The Raccoons are Back Romping and Having Babies

Image from video by Jacqueline Emery.

There was a raccoon baby boom at the height of the pandemic, and for much of 2020 people enjoyed watching the little guys clambering around the wall of Riverside Park around 108th Street. In fact, it became a kind of spectator sport for months.

They’re back again, reader Eve Proper pointed out.

And Jacqueline Emery took the video below of a baby raccoon peeking out of a tree trunk in the Ramble in Central Park.

OUTDOORS | 16 comments | permalink
    1. Edna Everage says:

      I haven’t seen an opossum in two years.

      What happened?

    2. W Veery says:

      I live nearby and never ceased to be amazed at the people who stand on the wall near their ledge to get as close as possible to get photographs and throw them food. Perhaps that is one of the reasons why the big raccoons climb out of the nearby trash cans to verbally threaten people exiting the park after the NY Classical Theater performances around the pond. Cute!

      • Roseann Milano says:

        They feed the raccoons? That shouldn’t be.
        They need to know how to forage for themselves. What will happen in the winter when no humans are around?
        Why don’t people think of these things?

      • m.pipik says:

        Raccoons are known to get rabies. The Parks Department was trapping, vaccinating, releasing the animals, but I don’t know if that program is still on-going and if any attempt has been made with the Riverside Park families.

        In any event, people should not be getting near the raccoons.

    3. Cindy says:

      If you are walking your dog, be careful.

    4. Steevie says:

      The raccoon is a very personable animal. It looks you right in the eye and holds your gaze.

    5. MQue says:

      There is a family of four right at the entrance of 86th street and cpw

    6. anthony says:

      Do raccoons eat rats? I hope they eat rats.

      In which case, people shouldn’t feed them!

    7. Mark H says:

      raccoons are just rats with a fashion sense. they shouldn’t be fed. and the city should be doing what it can to eradicate them. they’re dangerous to dogs, small children and everyone. and as noted right here last year, one climbed a building scaffold and entered an upper floor apartment on west end avenue. sorry, these creatures do not belong in a city.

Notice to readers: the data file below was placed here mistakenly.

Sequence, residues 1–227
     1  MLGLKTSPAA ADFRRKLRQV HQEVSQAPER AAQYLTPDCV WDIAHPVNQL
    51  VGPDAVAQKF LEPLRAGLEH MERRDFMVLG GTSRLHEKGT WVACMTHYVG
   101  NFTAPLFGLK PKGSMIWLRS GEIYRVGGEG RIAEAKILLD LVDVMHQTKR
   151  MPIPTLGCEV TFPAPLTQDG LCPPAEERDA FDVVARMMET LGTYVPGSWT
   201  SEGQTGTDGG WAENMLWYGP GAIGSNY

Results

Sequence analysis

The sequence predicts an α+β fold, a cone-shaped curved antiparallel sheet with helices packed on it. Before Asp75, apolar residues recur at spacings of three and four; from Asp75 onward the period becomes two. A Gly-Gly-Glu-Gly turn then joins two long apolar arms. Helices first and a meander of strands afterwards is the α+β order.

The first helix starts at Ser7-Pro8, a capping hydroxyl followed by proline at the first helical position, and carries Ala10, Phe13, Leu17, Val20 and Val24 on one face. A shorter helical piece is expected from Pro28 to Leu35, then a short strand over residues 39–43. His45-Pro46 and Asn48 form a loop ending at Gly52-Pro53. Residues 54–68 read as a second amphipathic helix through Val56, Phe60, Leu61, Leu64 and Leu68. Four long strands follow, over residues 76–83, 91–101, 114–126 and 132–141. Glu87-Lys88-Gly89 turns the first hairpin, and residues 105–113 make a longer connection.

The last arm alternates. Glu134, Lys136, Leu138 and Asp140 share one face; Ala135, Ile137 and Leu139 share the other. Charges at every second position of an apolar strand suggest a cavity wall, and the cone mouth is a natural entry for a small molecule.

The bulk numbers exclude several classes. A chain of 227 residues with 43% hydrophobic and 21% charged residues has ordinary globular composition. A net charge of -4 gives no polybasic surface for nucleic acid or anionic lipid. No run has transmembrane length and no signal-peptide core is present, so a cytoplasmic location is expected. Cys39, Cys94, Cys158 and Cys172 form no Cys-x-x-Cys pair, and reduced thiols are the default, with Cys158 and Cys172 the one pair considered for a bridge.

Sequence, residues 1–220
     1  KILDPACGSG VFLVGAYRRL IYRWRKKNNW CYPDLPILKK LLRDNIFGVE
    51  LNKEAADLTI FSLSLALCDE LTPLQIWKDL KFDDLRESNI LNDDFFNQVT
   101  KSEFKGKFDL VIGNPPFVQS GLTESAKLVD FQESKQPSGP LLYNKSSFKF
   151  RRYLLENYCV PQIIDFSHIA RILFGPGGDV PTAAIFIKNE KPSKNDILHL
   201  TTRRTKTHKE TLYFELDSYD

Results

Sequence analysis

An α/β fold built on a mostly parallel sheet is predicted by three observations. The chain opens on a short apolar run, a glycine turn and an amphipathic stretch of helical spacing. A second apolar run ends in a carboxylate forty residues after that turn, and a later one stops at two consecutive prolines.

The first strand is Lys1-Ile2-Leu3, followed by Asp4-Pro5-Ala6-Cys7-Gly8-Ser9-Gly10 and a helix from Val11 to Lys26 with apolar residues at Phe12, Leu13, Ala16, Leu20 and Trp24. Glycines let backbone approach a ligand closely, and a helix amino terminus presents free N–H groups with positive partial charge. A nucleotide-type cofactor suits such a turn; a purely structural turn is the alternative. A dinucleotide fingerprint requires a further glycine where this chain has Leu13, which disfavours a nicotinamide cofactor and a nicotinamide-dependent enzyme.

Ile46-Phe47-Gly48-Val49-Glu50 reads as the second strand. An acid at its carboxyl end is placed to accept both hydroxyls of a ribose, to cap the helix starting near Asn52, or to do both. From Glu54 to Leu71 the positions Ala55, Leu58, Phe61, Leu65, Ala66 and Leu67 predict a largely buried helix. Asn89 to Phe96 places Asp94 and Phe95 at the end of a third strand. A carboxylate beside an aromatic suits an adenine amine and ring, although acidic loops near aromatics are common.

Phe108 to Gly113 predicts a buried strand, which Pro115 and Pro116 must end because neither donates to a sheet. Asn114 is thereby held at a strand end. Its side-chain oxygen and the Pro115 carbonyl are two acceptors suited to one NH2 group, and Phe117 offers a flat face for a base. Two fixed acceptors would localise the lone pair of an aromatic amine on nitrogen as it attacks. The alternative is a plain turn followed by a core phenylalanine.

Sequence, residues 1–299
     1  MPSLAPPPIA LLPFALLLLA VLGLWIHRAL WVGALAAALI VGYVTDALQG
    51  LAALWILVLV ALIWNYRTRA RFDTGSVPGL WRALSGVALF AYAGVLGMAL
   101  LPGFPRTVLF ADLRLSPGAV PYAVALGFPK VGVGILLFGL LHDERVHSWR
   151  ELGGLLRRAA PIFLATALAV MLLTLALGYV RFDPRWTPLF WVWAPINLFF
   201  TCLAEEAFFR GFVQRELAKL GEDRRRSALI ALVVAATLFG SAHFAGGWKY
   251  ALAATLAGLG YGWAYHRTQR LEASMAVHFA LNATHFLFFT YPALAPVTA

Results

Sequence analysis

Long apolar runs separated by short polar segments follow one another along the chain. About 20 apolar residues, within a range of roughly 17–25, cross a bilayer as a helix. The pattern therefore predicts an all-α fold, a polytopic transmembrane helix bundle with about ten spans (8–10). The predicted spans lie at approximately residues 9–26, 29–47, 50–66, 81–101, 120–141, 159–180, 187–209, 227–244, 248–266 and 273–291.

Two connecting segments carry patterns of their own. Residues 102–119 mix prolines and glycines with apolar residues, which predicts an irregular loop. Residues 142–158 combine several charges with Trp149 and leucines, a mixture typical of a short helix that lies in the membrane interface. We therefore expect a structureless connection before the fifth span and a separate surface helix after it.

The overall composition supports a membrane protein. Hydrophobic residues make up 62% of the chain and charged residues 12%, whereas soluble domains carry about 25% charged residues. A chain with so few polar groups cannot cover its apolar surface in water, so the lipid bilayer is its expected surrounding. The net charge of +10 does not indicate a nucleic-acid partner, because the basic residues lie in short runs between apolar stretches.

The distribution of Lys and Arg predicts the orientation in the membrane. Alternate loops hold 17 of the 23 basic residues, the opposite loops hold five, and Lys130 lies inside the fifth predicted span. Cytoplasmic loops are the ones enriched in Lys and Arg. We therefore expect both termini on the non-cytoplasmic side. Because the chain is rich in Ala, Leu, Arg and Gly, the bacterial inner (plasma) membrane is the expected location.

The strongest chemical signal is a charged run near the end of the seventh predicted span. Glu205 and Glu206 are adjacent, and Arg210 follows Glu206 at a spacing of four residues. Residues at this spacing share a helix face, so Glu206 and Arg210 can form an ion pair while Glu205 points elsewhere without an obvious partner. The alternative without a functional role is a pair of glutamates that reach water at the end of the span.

8. Don says:

      Raccoons are incredibly smart, convivial, and can become very tame, and are never aggressive unless they or their babies are bring threatened.It’s extremely EXTREMELY rare that they get rabies. That is an urban legend. Go online and look at videos of these amazing
      Creatures and learn something about them. They have as much of a right to be in Riverside Park as we do!

    9. Jane says:

      I would rather be friends with some raccoons than some people. Just sayin’ –

    10. Jerry B says:

      The raccoons were here first!

    11. JCT says:

      One night my dog was insisting on inspecting a tree at the corner of 81st Street & Columbus Avenue next to the corner entrance to Roosevelt Park. A family of racoons were on the tree about 5′ off the ground. Very startling to see all of those eyes peeking at me at close range!

    12. Robin Rice says:

      I’ve been enjoying the raccoons in Riverside throughout the pandemic – watching babies grow, and now watching a second generation. Hopefully they’ll thrive through the mange epidemic. I wish people would quit feeding them sweets though. And bread. And soda. Even M&Ms have been left on the wall for them at 108th Street. Stop it!

    13. JDF says:

      raccoons are adorable. raccoons carry rabies.
      they’re also attracted to garbage. so watch
      from a safe distance. they’re not household